Favorite Frugal Indulge for this summer?  Coursera Courses!  Usually free, if you don't want or need the certificate.  And totally Juicy.  

Thursday, April 28, 2016

We've Got to Start Talking About Money

You May Be More Financially Secure than This Successful Author, Script Writer - 

Who Can Never, Ever, Stop Working

This Atlantic Magazine story , the Secret Shame of Many Middle Americans, outlines the story of a prosperous looking author and script writer, who can't find $400 to cover an emergency and will have to work the rest of his life to cover his debts.  

It's also about the shame and realities embedded in our US middle class money mess.  As the author pointed out --  50% of Americans, can never stop working.
Neal Gabler isn't homeless, or a casino gambler or a criminal.  His life looks like a dream come true.  
Gabler has written and published books. 
  • Gabler has been paid to critique movies on television.
  • He is a great Dad with successful children.  A great husband. 
  • He is so well-known in his industry that he was paid to write a movie script. 
His reality-money-show reveals a different backstory, though.  

Because he made a series of understandable and common money mistakes that caused a great deal of debt, Gabler suspects he will be working every day of his life, Monday-Sunday, sun up to sun down, until he just can't work anymore.  

Some of the blame for this sad situation falls to our economy and our "head up the behind" (as they say in the south) denial of stagnating wages and other US economic realities.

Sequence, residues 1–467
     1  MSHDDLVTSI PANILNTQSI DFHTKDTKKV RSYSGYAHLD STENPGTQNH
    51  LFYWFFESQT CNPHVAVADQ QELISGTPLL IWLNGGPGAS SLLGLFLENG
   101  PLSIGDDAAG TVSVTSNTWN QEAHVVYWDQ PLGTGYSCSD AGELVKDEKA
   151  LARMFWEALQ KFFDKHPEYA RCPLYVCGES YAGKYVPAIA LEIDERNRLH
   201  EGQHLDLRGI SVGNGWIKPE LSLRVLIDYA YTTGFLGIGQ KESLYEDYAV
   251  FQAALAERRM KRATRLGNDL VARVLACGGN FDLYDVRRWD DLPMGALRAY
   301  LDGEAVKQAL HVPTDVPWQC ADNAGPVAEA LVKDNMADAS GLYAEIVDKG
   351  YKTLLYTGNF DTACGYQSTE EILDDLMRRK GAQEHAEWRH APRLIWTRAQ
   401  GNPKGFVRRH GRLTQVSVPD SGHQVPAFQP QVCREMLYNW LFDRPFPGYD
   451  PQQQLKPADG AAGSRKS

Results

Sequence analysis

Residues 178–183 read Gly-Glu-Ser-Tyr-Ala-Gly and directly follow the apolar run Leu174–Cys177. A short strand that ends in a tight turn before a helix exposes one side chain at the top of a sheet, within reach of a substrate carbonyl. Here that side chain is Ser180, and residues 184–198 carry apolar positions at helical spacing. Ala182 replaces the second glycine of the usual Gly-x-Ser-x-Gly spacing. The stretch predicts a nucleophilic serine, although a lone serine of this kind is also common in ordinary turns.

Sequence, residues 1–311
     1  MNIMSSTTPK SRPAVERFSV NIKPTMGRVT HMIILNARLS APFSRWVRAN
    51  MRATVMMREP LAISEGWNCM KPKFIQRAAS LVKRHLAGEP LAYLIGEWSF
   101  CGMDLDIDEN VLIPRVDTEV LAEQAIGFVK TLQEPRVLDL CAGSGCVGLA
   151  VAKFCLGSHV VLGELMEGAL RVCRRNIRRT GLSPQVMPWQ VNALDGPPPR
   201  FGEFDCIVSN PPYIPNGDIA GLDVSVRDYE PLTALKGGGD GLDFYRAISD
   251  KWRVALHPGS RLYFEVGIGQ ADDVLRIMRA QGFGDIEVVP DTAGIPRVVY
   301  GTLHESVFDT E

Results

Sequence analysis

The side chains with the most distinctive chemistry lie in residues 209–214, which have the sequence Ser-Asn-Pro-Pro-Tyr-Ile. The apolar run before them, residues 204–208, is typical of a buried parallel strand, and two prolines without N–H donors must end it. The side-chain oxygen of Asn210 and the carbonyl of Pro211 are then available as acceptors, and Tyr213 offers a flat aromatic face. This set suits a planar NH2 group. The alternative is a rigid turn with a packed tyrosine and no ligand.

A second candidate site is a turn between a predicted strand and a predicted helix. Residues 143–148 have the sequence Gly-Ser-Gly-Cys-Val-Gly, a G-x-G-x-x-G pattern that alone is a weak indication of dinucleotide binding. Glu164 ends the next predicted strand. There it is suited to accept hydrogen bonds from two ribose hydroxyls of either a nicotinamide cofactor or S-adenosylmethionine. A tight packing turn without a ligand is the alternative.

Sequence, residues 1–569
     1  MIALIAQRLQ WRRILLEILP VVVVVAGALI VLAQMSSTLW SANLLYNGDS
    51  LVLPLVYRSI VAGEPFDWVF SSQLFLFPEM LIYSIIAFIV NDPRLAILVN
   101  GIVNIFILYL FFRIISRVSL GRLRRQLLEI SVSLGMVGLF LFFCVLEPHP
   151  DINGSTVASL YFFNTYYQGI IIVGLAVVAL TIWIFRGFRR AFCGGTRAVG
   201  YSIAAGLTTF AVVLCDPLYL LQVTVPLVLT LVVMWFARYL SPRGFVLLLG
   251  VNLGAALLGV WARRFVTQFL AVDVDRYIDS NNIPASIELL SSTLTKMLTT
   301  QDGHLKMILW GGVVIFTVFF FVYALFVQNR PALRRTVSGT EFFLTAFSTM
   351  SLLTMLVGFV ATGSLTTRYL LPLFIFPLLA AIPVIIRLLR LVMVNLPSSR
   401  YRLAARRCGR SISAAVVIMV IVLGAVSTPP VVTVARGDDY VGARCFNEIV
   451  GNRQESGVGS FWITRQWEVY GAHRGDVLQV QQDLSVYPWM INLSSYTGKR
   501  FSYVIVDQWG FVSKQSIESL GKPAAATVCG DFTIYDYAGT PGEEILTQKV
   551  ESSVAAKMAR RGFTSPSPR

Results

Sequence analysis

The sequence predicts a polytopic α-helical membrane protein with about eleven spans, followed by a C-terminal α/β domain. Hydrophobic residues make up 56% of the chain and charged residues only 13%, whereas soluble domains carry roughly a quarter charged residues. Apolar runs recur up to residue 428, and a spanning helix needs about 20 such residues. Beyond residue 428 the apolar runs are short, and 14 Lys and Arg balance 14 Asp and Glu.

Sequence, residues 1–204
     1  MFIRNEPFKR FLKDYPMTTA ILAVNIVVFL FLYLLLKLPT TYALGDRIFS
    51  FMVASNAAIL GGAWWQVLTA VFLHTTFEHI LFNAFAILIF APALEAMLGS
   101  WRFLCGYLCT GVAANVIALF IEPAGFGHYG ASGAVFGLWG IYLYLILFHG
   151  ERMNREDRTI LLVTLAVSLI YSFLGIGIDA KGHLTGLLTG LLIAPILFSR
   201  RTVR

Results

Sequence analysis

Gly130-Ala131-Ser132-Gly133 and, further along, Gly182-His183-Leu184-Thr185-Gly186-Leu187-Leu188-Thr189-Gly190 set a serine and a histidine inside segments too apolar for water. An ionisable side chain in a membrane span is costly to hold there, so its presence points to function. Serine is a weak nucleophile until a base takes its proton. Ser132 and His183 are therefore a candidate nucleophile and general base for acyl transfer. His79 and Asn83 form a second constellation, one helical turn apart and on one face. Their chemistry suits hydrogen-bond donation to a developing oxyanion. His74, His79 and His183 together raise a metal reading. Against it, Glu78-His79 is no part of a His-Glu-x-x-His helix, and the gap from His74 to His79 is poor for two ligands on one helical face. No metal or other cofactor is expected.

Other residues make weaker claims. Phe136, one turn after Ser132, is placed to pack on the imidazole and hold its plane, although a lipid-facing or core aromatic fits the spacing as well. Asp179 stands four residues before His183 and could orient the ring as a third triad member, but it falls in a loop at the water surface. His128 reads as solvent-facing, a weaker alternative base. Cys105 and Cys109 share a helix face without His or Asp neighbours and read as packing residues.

We are not recognizing, accepting or dealing with the bad news that the middle class is shrinking and the economic cards really are stacked to help those who live off dividends and investments.   
  • Yes, the rich are getting richer.  
  • Yes, our tax code is partly to blame. 
  • Yes, your congressmen and women are not helping you, in most cases.
But some of the blame lies with Gabler's refusal to educate himself about money.  It's not always fun.

This blog is designed to help and inspire those who want to get educated and to show them how it can be a blast of achievement, pride and satisfaction.  But it's still tedious at times.   

You have to take your "head out of our behind" as we also say here and deal with some sobering news about money.  

Good for you for "dealing with it."

By getting a little more frugal in your habits, you are beating a system that is rigged in someone else's favor.

By consuming less, you are saving on sales taxes, you are building a safety valve for the inevitable bumps in the money road and you are beating a system that really is rigged against you. 

Unless you think you can lobby Congress, change the tax code and fight Wall Street's sometimes shameful practices of crazy financial product development (i.e., mortgage securities that go bust),  going at least a little more frugal is the best step you can take.     

Of course, there will be months when it sucks.  Or when you make mistakes.  (I'm pointing the finger at myself here) --  I spent an extra $1k on travel and gifts this last April.  Two weddings.  Pretty spring days.  There it went.

But I'll be back.  I caught it because I track every penny of spending, a la the advice in  "Your Money or Your Life."

And I follow the geniuses on this free resource, the Early Retirement Forum, among many, many others.  I'm even dragging my book club through a Review of "The 7 Money Mantras" (i.e., if it's on your ass, it's not an asset).  

Good luck to you, and I hope Neal finds a way out.

I'll be back next with a juicy, frugal fun blog post.  In the meantime, I'll be clipping a few coupons so that I can enjoy the things I love best -- like going out with my friends.

And maybe I'll set up a GoFundMe account for Neal.  His contribution to our money discussion in America has spurred an important conversation for all of us.